Saturday, August 4, 2018

We Most Certainly Do Need To Rethink Power Distribution In America!

On so many levels of course. Which is why, in addition to being a process oriented sort of guy, I am also a man of metaphor. Just can't help it I guess.

In any case, though, a part of our revolution here must be to rethink how we do power generation from not only the standpoint of a standardized fuel, but also from the standpoint that all considerations of "cost" must be thrown out the airlock. We won't even be able to save the planet, much less transmit power more effectively, if we do not first recognize that doing anything major, from this point on, cannot even be seriously begun to be discussed, unless you first accept that old considerations of a cost based economy must be thrown out as well.

The only way we're going to be able to tackle not only clean energy, but saving the planet, will be by coming up with a way to do an "effort" based economy. And the one that I have been attempting to describe in my postings here, and on my original Old Softy Concerns web site, is the only alternative in existence now that I am aware of. And unless a better one shows up pretty quickly I'm afraid this is as good as its going to get for us.

All of that being said, the next thing you would ask is: OK. So what standardized fuel are you talking about here? And naturally I think the standard should be hydrogen, produced in vast new quantities as a cryogenic liquid, via the primary reliance on sea based Yen Tornado Turbines; turbines that, with my embellishments to a sea based design approach, could produce at least a gigawatt each.

The next question then becomes logistics which I've already covered in my repeated emphasis on "Critical Social Logistics." Which is why I came up with the idea of Hybrid Dirigible Blimps that can be linked together to form airborne trains. And now that I've also refined that system to solve the loading/unloading problem, without needing airports (swarms of singular, self guided lifting fans would become the work tugs of this approach; lifting fans that would connect to standard connection sockets on all new airborne cargo containers). As such, all you would need is a few dozen square acres of land for lifting fan maintenance, and temporary container storage -- the lifting fans might direct deliver in many cases, as well as a road to freeway interface, so as to allow for direct placement on ground delivery vehicles where necessary. The trains themselves, then, would just orbit over unpopulated areas so as to lessen noise impact.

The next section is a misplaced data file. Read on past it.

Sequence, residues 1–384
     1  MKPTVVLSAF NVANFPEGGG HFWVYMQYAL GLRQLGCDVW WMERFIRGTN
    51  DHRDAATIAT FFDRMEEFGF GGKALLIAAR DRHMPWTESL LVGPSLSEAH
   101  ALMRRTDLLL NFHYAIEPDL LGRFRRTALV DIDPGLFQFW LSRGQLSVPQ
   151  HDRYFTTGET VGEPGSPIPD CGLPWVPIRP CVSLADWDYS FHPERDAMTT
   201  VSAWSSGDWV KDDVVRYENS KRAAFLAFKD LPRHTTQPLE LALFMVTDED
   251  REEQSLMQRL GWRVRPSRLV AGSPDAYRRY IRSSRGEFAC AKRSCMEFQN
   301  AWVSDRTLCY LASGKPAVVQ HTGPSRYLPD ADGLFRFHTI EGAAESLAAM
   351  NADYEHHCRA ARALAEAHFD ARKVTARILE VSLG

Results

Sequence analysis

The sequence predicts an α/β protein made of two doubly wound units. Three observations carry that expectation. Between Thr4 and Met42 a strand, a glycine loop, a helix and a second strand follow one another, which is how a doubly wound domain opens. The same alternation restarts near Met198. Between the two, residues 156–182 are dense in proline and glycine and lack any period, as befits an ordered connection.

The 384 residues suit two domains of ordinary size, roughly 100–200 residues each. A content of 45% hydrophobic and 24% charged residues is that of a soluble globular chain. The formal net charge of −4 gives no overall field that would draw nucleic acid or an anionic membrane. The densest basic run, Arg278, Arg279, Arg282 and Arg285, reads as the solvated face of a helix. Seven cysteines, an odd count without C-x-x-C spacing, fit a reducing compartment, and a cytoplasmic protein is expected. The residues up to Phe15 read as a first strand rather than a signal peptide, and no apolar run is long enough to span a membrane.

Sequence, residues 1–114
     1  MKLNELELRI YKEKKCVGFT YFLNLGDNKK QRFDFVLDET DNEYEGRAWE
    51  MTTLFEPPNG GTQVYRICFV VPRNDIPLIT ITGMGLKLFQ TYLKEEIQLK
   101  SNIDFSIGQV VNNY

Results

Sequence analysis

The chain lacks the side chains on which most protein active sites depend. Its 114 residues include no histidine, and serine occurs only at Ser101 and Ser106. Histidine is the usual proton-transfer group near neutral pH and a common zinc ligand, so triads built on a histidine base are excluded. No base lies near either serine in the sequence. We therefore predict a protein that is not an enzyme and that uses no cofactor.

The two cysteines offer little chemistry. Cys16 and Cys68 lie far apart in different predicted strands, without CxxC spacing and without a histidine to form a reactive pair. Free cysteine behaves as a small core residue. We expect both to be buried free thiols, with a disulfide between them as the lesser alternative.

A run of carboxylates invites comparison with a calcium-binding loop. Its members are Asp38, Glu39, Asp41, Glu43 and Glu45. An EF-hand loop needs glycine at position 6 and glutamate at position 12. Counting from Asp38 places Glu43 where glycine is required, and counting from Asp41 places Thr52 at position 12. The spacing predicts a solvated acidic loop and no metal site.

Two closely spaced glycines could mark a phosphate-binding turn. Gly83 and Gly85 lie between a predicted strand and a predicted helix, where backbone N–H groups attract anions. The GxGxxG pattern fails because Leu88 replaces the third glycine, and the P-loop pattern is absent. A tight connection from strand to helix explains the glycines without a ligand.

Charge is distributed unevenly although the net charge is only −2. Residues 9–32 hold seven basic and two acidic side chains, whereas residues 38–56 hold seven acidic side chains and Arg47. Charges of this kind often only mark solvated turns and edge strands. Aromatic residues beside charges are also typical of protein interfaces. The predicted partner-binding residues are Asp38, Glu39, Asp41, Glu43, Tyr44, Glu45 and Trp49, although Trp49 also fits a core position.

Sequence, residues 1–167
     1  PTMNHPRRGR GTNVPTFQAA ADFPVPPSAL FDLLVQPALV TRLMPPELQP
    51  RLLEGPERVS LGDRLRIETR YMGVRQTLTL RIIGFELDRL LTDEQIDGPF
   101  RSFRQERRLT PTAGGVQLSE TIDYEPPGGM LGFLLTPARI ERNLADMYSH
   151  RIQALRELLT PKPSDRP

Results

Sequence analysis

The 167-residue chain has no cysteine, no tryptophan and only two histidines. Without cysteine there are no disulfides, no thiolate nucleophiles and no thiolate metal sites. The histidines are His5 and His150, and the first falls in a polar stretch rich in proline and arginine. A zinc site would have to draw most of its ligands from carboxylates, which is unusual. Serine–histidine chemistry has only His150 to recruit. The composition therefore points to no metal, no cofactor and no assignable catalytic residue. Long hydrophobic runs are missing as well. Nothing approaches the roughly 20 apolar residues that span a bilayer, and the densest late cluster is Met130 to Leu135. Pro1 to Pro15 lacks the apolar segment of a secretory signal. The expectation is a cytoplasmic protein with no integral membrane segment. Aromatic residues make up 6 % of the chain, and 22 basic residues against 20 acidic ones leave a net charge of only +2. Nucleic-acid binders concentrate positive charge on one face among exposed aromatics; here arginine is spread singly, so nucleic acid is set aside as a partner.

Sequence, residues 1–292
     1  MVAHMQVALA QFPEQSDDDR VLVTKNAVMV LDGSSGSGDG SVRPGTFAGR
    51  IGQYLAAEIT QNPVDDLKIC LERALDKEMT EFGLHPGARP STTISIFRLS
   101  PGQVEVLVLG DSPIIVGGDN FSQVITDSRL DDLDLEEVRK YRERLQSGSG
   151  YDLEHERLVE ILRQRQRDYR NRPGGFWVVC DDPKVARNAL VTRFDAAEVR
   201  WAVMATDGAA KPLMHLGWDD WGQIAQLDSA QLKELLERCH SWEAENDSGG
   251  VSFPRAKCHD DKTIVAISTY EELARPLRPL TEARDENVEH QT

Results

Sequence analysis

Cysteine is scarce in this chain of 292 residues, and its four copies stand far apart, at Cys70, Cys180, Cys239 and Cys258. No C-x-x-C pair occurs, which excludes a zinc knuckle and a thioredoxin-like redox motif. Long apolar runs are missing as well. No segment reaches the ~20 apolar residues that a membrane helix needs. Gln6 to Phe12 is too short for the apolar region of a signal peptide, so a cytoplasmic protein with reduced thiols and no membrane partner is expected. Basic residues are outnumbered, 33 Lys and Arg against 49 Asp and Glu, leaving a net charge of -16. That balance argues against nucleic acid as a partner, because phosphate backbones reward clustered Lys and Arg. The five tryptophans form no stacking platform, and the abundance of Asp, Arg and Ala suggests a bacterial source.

From that point on the question becomes, just how much more centralized electricity production do we need? You have to ask that question because you also want to be clear on why you think you still need large networks of high tension transmission wires, when you are already maintaining a vast network of roads and freeways. And since extreme weather will become a fact of life, for as long as we can keep that fact going, while we get the CO2 (and whatever else) out of the atmosphere, we will not want to be constantly rebuilding these expensive networks. Why not instead just deliver cryogenic hydrogen to fuel cells, via robotic vehicles (which we could also do a lot better with if we rethought a standard way to do it), to as granular a form of ultimate usage as makes practical sense. Maybe even to each home, and community production, or service, site.

This is not to say that you would necessarily want to do without transmission wires completely, but only that you might use them sparingly as intra community interlinking; with the communities also then having combinations of battery stations, larger community fuel cells, and local solar panels, to help fill in with for redundancy. That way, the communities, as nodes, might provide their own regional systems of interlinking, community to community; thereby providing regional sharing to some degree.

Just more to think about. And I can only hope you've made the commitment to that thinking on a regular basis now.

We’ve been talking about a national grid for years. It might be time to do it

See Also:
Image: Environmental workers take samples to assess level of contamination, and surveyors measure size of affected area at the site of saltwater spill
Tyler Bell / AP


North Dakota farmers struggle with a toxic byproduct of the oil boom

As oil production breaks records, farmers worry the industry won't keep up with its poisonous byproduct: saltwater spills.

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